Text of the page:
Yet it's happening right now. Argentina's President Cristina Fernandez said this week that her country plans to take over a giant Spanish oil company at a time when the economies in both countries are facing challenges.

Spanish officials are threatening to retaliate against Argentina for seizing a majority of shares in the biggest oil company in Argentina, YPF.

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U.S.
8:24 am
Thu April 12, 2012

Where Does America Get Oil? You May Be Surprised

The U.S. now imports far more oil from Canada than from any other country. Persian Gulf imports now account for less than 15 percent of the oil consumed in the U.S. This photo shows the Syncrude oil sands extraction facility near Fort McMurray, Alberta, Canada, in 2009.
Mark Ralston AFP/Getty Images

Since the Arab oil embargoes of the 1960s and 70s, it's been conventional wisdom to talk about American dependence on oil from the Persian Gulf. But the global oil market has changed dramatically since then.

Today, the U.S. actually gets most of its imported oil from Canada and Latin America.

And many Americans might be surprised to learn that the U.S. now imports roughly the same amount of oil from Africa as it does from the Persian Gulf. African imports were a bit higher in 2010, while Persian Gulf oil accounted for a bit more last year.

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Africa
10:26 am
Wed April 4, 2012

Mali's Rebellion Stirs Fear Of Wider Saharan Conflict

Tuareg rebels eat a meal last month near the Malian city of Timbuktu, which they recently captured. The rebels have taken control of northern Mali, raising concerns about stability in the broader region.
Ferhat Bouda DPA/Landov

Originally published on Wed April 4, 2012 11:26 am

Rebels from the Tuareg ethnic group now control most of northern Mali, a territory as big as France on the edge of the Sahara desert.

A column of trucks loaded with Tuareg fighters rolled into the ancient desert town of Timbuktu on Sunday, taking over the positions abandoned by fleeing government soldiers.

They include an Islamist faction that wants to impose Shariah law throughout Mali and are believed to include elements with links to al-Qaida in the Islamic Maghreb.

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Shots - Health Blog
10:55 am
Thu March 29, 2012

Like The U.S., Europe Wrestles With Health Care

A patient is treated at the Nord Hospital in Marseille, France, in February. European countries have also been engaged in intense debates on the future of their health care systems, where universal coverage is the norm.
Anne-Chrisine Poujoulat AFP/Getty Images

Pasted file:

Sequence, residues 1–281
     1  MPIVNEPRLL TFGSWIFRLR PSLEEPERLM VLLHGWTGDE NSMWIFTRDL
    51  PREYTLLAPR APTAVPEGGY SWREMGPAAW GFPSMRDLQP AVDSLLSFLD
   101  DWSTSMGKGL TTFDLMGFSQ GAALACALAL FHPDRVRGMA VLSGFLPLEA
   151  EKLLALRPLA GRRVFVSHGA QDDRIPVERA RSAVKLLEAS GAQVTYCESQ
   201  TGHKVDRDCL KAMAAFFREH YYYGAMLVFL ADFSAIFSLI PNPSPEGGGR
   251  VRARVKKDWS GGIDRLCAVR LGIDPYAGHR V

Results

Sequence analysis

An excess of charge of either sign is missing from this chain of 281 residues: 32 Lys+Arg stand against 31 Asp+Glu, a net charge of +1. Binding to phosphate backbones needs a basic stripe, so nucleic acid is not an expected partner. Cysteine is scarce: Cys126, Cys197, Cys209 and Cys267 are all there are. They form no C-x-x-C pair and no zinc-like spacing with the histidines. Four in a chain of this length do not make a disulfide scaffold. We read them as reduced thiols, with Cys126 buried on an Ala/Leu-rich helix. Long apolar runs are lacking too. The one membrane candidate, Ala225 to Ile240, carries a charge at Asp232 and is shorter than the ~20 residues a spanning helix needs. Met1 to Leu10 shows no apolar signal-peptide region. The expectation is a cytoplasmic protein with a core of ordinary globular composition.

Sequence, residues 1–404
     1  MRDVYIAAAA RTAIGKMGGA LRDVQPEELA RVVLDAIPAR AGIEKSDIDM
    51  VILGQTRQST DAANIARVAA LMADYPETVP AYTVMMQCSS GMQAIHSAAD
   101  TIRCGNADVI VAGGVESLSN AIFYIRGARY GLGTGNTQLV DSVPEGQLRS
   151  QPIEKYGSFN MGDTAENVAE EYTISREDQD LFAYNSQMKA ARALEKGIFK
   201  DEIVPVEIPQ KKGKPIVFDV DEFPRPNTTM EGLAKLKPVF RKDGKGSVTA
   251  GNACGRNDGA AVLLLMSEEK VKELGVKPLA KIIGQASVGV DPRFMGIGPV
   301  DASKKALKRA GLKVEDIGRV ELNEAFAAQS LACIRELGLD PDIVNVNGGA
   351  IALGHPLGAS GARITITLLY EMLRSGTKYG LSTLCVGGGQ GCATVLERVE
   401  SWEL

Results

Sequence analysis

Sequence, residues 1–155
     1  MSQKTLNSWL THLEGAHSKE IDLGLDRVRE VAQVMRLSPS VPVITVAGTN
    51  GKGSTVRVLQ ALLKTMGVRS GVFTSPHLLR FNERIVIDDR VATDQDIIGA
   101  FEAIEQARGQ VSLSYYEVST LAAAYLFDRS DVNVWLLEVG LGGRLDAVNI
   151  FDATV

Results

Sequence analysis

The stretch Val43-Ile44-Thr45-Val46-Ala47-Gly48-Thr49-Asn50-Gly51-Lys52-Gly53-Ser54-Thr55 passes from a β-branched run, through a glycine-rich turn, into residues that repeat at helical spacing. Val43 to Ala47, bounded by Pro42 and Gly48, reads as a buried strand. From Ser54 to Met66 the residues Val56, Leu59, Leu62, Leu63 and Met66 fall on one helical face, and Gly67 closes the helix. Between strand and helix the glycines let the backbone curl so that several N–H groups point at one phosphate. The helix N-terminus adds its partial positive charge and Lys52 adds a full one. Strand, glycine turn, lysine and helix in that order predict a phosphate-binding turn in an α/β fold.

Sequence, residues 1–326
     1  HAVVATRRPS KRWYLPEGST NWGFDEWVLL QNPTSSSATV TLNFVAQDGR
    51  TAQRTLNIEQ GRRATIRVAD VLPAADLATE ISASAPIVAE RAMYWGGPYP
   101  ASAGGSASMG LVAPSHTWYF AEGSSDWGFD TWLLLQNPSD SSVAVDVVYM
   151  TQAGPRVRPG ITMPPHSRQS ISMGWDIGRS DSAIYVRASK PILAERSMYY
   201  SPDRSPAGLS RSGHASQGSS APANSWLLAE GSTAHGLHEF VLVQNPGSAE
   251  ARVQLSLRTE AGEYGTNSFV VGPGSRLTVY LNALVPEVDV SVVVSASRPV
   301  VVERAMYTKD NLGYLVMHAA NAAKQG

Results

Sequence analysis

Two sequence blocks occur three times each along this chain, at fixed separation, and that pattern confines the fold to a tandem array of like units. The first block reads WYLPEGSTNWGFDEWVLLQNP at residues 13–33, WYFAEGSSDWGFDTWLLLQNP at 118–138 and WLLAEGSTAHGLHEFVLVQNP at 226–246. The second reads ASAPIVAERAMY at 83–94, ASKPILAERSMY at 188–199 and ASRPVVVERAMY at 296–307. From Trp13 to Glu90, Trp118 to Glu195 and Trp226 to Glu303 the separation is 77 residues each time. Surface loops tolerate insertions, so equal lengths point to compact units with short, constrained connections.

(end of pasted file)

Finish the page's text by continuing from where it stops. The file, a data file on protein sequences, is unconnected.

Originally published on Thu March 29, 2012 1:57 pm

The U.S. has been absorbed by the Supreme Court case this week on the future of health care. But Americans are not alone.

Several European nations, where universal health care has been the norm for decades, have been waging their own intense debates as they also deal with aging populations and rising costs.

Britain passed a new health care measure earlier this month, after more than a year of rancorous debate. Can the European experience cast some light on the American debate over health care?

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Africa
11:09 am
Fri March 23, 2012

Mali's Coup A Setback For A Young African Democracy

The leader of the junta that seized power in Mali, Army Capt. Amadou Sanogo, announces a curfew in the capital, Bamako, on Thursday, in this photo taken from television.The coup ousted an elected president who was due to step down after a new election next month in the West African nation.
Issouf Sanogo AFP/Getty Images

Originally published on Fri March 23, 2012 12:50 pm

The scene in Mali's capital, Bamako, shows what used to be a familiar sight: an African capital in chaos, with drunken soldiers firing into the air and looting government buildings in the wake of a coup.

Military coups were dishearteningly common for people in Africa and Latin America during the 1960s and '70s, as governments fell to opportunistic military men.

But that trend had been slowing in the past two decades, as more and more governments began to hold regular elections.

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The Two-Way
12:38 pm
Wed March 21, 2012

Sifting Through What We Know About The French Shootings Suspect

Police officers stand near the apartment building where a suspect in the shooting at the Ozar Hatorah Jewish school is barricaded in Toulouse, southern France on Wednesday.
Bob Edme AP

The standoff between a murder suspect and French police in Toulouse, France, has stirred up a swirl of speculation about the man's background and motives, but so far there are relatively few confirmed facts.